Vapor trails disperse in the wake of a U.S.  Air Force F-22A Raptor aircraft at the 42nd Naval Base Ventura County (NBVC) Air Show at Point Mugu, Calif., April 1, 2007.

Vapor trails disperse in the wake of a U.S. Air Force F-22A Raptor aircraft at the 42nd Naval Base Ventura County (NBVC) Air Show at Point Mugu, Calif., April 1, 2007.

The F-22 uses a newer and improved version of the ACES II (Advanced Concept Ejection Seat) ejection seat that is used widely in nearly every other Air Force jet combat aircraft (ex. F-16, F-117, F-15, A-10, B-1 and B-2). The seat has a centre mounted ejection control which is situated in between the pilot’s legs. The F-22 version of the McDonnell Douglas-built ACES II includes various improvements over the previous seat models. These improvements include:

  • The addition of an active arm restraint system to discard any arm flail injuries during high speed ejections.
  • An improved fast-acting seat stabilization drogue parachute system to help provide increased seat stability and safety for the pilot during high-speed ejections.
  • The previously mentioned drogue is located behind the pilot’s head, rather than in the back of the seat and is mortar deployed.
  • A new electronic seat and aircraft sequencing system that improves the accuracy of the timing of the various events that have to happen in order for the pilot to eject safely (Initiation, canopy jettison, and seat catapult ignition).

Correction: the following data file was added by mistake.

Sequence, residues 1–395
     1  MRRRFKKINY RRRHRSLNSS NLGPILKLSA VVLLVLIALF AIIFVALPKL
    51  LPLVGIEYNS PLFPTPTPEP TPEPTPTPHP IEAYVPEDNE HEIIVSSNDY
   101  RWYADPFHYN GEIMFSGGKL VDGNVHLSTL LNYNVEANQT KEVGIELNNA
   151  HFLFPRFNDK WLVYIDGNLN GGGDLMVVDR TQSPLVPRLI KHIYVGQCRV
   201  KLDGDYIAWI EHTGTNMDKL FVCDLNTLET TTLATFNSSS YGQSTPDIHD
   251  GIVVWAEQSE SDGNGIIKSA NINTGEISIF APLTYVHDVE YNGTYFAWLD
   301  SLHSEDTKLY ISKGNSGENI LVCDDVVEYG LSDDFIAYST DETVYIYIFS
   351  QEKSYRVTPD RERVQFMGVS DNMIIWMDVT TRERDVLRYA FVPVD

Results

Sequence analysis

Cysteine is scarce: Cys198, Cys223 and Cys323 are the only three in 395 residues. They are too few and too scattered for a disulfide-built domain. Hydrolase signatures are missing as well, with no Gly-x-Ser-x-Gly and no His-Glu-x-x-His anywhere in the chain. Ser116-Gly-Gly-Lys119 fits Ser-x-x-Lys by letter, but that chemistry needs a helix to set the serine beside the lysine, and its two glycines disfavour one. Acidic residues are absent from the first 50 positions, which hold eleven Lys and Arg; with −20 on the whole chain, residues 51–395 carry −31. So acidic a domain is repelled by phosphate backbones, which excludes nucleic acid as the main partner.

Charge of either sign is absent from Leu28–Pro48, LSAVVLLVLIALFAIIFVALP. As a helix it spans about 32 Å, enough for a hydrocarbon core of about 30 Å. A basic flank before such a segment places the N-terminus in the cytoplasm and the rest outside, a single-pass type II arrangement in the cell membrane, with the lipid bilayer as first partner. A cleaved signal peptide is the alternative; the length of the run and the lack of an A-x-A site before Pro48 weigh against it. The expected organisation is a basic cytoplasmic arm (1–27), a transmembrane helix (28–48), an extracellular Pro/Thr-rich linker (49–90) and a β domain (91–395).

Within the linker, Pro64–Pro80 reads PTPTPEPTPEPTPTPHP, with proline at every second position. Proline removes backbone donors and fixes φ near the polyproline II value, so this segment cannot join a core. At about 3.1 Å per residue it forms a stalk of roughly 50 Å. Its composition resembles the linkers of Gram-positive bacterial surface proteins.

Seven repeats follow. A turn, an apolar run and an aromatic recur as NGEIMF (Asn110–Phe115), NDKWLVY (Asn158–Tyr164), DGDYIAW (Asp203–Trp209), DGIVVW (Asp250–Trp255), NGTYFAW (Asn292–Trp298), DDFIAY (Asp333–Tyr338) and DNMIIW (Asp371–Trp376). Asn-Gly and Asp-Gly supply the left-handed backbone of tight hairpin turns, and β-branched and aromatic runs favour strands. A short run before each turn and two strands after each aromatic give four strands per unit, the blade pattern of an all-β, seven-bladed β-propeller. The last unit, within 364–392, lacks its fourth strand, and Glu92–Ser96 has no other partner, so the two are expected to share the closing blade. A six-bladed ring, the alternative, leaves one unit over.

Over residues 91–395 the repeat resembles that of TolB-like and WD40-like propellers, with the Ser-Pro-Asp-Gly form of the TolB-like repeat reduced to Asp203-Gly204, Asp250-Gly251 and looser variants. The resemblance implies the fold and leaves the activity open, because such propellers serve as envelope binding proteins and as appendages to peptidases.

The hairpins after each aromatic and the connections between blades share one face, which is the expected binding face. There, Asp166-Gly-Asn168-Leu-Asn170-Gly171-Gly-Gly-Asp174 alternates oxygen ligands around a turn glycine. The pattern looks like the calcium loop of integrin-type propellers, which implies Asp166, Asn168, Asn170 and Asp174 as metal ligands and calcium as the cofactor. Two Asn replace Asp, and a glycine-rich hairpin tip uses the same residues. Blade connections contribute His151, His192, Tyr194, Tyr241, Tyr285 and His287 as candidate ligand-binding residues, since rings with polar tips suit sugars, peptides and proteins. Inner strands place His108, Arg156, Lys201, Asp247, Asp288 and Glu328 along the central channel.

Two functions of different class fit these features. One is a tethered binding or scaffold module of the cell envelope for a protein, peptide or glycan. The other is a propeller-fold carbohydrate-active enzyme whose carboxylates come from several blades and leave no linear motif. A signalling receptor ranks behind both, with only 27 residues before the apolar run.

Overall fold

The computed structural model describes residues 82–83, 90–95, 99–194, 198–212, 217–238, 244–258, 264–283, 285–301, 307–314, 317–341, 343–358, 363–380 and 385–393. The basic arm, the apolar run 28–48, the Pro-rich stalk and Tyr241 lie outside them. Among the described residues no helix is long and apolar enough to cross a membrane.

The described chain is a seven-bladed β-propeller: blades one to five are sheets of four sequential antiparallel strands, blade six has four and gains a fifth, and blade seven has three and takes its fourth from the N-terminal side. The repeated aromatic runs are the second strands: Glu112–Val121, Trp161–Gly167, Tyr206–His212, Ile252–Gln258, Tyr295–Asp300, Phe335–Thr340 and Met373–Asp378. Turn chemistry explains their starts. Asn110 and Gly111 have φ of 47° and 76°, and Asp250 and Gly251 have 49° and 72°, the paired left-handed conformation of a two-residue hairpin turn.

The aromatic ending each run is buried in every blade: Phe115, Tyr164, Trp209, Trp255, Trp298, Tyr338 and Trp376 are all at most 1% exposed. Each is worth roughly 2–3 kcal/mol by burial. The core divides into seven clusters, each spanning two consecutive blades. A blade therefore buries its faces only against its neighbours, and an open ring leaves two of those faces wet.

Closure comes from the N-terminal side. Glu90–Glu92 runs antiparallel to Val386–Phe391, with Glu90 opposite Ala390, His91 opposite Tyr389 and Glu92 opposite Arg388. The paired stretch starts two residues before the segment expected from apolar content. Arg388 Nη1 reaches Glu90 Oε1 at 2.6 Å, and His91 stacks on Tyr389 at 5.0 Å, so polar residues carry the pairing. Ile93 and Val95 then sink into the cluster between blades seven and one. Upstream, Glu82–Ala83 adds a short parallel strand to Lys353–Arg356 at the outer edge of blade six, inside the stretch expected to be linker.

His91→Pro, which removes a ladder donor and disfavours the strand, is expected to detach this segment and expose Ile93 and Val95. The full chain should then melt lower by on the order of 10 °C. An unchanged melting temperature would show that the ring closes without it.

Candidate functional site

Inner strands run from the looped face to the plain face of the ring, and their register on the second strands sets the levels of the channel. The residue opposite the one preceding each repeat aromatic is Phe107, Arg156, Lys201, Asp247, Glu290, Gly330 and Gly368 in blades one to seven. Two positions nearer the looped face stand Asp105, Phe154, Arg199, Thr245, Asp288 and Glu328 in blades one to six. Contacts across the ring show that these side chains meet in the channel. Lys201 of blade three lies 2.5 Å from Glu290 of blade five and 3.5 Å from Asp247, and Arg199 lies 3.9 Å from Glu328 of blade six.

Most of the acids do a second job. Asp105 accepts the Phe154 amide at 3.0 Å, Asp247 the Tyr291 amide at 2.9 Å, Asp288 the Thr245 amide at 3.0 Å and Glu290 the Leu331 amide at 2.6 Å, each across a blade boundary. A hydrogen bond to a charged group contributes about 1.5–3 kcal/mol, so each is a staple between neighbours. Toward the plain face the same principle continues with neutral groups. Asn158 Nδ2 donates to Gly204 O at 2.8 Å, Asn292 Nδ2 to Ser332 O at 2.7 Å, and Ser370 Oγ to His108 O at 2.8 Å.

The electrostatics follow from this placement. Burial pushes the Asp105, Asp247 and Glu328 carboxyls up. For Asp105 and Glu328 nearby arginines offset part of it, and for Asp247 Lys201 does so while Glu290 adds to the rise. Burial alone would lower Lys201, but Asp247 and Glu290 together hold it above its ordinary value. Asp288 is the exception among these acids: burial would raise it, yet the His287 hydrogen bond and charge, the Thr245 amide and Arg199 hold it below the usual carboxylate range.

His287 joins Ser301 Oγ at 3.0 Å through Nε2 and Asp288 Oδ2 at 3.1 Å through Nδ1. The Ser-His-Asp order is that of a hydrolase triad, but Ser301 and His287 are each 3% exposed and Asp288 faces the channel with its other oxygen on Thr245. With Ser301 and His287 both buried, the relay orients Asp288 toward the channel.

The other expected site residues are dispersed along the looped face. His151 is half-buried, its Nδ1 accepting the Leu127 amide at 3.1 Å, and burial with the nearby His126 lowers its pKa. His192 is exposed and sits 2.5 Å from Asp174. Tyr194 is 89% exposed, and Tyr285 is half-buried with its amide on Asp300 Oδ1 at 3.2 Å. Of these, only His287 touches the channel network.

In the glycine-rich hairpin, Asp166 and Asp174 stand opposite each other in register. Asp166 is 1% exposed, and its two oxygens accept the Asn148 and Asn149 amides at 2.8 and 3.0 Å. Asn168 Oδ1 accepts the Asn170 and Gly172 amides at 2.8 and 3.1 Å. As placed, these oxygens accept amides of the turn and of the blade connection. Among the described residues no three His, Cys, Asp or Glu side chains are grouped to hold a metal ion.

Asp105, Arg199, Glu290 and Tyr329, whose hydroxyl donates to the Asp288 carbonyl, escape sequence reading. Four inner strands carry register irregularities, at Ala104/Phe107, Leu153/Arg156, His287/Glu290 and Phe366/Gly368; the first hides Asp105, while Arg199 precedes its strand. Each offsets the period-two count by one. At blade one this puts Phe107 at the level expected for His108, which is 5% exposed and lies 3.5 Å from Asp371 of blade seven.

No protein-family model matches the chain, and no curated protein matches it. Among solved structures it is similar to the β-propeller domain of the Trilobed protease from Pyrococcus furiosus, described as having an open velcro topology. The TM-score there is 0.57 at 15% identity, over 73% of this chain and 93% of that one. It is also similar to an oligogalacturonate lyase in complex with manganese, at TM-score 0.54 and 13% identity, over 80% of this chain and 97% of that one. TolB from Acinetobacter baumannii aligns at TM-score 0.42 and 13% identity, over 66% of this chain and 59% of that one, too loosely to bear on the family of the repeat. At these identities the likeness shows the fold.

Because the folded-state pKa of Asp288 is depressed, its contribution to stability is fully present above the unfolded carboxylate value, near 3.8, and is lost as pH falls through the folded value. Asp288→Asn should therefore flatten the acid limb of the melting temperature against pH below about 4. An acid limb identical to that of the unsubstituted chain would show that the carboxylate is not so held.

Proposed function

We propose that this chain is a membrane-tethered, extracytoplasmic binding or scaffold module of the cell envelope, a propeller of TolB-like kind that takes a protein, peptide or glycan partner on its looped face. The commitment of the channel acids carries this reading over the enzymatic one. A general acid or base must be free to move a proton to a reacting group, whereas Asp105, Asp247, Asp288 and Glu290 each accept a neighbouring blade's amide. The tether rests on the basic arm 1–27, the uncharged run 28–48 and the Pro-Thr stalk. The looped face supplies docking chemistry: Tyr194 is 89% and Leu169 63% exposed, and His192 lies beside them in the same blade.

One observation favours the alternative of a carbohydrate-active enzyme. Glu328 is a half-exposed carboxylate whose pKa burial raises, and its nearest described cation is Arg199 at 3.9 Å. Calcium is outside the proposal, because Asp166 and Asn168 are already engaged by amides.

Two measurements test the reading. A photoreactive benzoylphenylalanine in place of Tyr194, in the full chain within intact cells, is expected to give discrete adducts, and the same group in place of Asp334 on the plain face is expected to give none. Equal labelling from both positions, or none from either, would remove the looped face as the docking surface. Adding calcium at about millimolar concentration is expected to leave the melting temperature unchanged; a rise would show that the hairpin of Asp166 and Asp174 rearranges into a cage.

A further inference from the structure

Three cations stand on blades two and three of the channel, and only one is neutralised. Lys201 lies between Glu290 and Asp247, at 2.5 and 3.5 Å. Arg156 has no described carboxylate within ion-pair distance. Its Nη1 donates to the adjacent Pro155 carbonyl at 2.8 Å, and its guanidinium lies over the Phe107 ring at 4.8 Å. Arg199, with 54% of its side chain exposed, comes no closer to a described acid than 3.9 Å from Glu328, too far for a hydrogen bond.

• A larger oxygen bottle gives the ejecting pilot more breathing air to support ejection at higher altitudes, when required.

The F-22 ACES II ejection system utilizes the standard analogue three mode seat sequencer that automatically detects the seat speed and altitude, and then selects the proper mode for optimum seat performance and safe recovery of the pilot.

  • Mode 1 is low speed, low altitude;
  • Mode 2 is high speed, low altitude;
  • Mode 3 is high altitude.

Several operational problems have been experienced and some have caused costly fleet-wide groundings. Critically, pilots have experienced a decreased mental status, including losing consciousness, which is a big problem. There were a few reports of instances when pilots found to have a decreased level of alertness or memory loss after landing. F-22 pilots have gone through lingering respiratory problems and a chronic cough; other symptoms include irritability, emotional liability and neurological changes. A number of possible causes were investigated, including possible exposure to noxious chemical agents from the respiratory tubing, pressure suit malfunction, side effects from oxygen delivery at greater-than-atmospheric concentrations, and oxygen supply disruptions. Other problems include minor mechanical problems and navigational software failures. The fleet was grounded for a staggering four months in 2011 before resuming flight, but reports of oxygen issues persisted.

The F35 Lightning II


Additional Readings –

The Airbus A400M Atlas

Red Flag Exercise


Author – Jake Meilak